Since Maker Party’s start several years ago, libraries have been our allies. They provide the space, co-develop the curriculum, and provide the educators. Libraries in Stockholm, New York, Toronto, and elsewhere have sparked positive change in their communities. In 2016, our Maker Parties encouraged participants to learn about copyright and its effect on the web as well as advocate for positive reform.
In 2017, librarians and Mozilla will continue this work. In the coming months, we will do the following:
- Continue to give participants a strong understanding of the proposed copyright laws and explore how they might negatively affect a specific user—for example, a journalist who blogs.
- Teach learners the importance of Creative Commons and open licensing. Learners might snap, upload, and share their own photos.
- Spotlight the current errors with copyright law. Learners might create memes of the Eiffel Tower at night—an act that is technically unlawful.
- Teach learners the value of free, accessible information. Learners can read and edit Wikipedia.
- Give regular citizens concrete ways to tell their elected member of the European Parliament not to undermine a healthy internet.
The fight to reform copyright provides an important reminder: Librarians are powerful activists and educators in the internet health movement. Librarians can stand up as defenders of free expression, open knowledge, and equal access.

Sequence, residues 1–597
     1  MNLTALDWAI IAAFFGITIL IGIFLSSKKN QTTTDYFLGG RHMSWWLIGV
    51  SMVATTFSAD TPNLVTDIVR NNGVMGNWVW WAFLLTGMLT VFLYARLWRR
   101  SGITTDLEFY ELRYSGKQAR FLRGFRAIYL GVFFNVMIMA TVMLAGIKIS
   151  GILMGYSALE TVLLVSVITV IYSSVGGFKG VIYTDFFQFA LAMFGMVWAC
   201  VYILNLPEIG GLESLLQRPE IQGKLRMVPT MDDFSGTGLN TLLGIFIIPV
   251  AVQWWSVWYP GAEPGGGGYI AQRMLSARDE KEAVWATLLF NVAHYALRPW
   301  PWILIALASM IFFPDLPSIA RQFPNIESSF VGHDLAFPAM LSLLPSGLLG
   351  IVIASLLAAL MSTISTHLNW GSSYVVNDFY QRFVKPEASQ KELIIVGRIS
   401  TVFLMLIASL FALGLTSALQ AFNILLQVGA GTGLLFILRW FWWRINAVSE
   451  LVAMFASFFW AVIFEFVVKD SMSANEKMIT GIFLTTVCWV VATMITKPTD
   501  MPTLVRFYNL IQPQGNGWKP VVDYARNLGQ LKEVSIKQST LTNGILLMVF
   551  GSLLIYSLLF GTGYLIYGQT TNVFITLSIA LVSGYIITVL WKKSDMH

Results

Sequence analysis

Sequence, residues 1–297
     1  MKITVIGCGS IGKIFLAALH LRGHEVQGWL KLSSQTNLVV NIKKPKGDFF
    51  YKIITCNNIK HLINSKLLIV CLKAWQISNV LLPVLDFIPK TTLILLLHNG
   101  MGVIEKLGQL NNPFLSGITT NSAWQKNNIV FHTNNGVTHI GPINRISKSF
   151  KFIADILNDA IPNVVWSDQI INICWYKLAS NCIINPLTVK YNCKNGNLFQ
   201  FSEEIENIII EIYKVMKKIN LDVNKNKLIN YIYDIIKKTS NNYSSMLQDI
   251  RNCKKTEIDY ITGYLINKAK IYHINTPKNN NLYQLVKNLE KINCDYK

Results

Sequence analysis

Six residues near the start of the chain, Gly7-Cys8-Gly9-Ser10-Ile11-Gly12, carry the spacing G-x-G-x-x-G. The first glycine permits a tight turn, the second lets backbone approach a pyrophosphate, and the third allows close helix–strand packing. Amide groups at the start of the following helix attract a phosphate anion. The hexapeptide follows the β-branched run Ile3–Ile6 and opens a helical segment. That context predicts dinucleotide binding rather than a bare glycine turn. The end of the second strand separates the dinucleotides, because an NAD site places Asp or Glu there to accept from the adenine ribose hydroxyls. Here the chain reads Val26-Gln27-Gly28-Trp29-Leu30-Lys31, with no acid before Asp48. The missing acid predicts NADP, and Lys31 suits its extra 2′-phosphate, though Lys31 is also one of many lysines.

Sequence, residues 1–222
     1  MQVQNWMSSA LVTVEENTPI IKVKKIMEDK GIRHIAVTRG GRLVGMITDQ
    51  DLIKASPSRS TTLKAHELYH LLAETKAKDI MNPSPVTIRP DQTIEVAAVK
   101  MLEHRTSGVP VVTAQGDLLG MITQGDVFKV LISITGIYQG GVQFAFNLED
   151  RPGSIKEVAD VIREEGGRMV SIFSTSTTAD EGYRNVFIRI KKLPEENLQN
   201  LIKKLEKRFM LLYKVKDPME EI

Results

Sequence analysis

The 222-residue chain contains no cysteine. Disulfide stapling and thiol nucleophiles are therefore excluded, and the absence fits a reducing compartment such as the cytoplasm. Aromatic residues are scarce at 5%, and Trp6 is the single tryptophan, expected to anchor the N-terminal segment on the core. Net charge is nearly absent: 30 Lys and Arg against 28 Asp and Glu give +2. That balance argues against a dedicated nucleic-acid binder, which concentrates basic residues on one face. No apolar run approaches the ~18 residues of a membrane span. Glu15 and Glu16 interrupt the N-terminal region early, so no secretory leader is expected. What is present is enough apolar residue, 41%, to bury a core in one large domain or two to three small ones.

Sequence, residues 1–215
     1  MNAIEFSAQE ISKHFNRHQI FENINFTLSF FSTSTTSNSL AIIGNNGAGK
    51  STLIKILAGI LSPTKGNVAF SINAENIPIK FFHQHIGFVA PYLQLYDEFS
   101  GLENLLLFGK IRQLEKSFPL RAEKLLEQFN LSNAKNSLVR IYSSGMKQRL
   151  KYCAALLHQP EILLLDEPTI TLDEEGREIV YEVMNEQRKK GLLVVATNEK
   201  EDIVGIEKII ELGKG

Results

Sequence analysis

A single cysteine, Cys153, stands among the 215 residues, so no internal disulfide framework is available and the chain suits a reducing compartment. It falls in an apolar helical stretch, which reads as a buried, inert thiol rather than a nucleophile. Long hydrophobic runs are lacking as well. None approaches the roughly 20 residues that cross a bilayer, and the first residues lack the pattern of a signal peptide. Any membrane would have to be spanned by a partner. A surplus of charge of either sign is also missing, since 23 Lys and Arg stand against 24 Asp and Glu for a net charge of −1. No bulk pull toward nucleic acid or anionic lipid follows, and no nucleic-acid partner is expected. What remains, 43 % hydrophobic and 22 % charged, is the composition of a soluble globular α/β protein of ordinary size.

As new challenges and opportunities emerge beyond copyright, librarians can continue to make a difference. Librarians can educate their communities, spark grassroots action, and can stand up to misguided policy.
We’re counting on you to be part of the movement. Join us at mozilla.org.
CLOSE UP : A Mozilla Maker Party in Birmingham, U.K.
|A participant remixes the Success Kid meme with his own face.
A look at one Maker Party—held in Birmingham, U.K.—offers insight into how these events typically unfold.
On a Tuesday in November, Open Rights Group Birmingham hosted a diverse crew of activists: open rights advocates, digital artists, and local organizers. The participants set out to teach one another about restrictive copyright law hampering citizens in the European Union and to take grassroots action.
The Maker Party started by outlining the raison d’etre: the dangers of restrictive copyright frameworks. Chiefly, the copyright of small text snippets, the aggressive use of automatic content filters, and the failure to exempt panorama and user-generated content from laws.
The evening then featured a talk by digital artist Antonio Roberts (@hellocatfood), who spoke eloquently about the intersection of copyright, culture, and free expression. At the center of his talk? Memes and Snoop Dogg.
“Culture is created when everyone starts to take something that exists, remix it, rework, reappropriate it, and make something else out of it,” Roberts said. “Nowhere is this more apparent than on the internet, where people are doing this for laughs.”
“But there are, unfortunately, people with other interests—corporations and brands will often swoop in and try and stop these things from happening,” he added.
Roberts was followed by Wikipedian Andy Mabbett. He spoke about copyright law clashing with the flow of knowledge—for example, some photos of public landmarks can’t be added to Wikipedia entries.
The Maker Party concluded with a series of hands-on activities—such as openly licensing photos and crafting and sharing rebellious memes.
Read a blog about this Maker Party, and see the memes that were created, at openrightsgroupbirmingham.wordpress.com/2016/11/26/org-birmingham-mozilla-maker-party-helps-fix-copyright-meme.
|Open Rights Group Birmingham hosts a
Mozilla Maker Party in Birmingham, U.K.
[Photo Credit: Francisclarke (CC BY-SA 4.0), via Wikimedia Commons]
|A group of guests sitting around a table taking part in a Mozilla Maker Party in Birmingham, U.K.
[Photo Credit: Francisclarke (CC BY-SA 4.0), via Wikimedia Commons]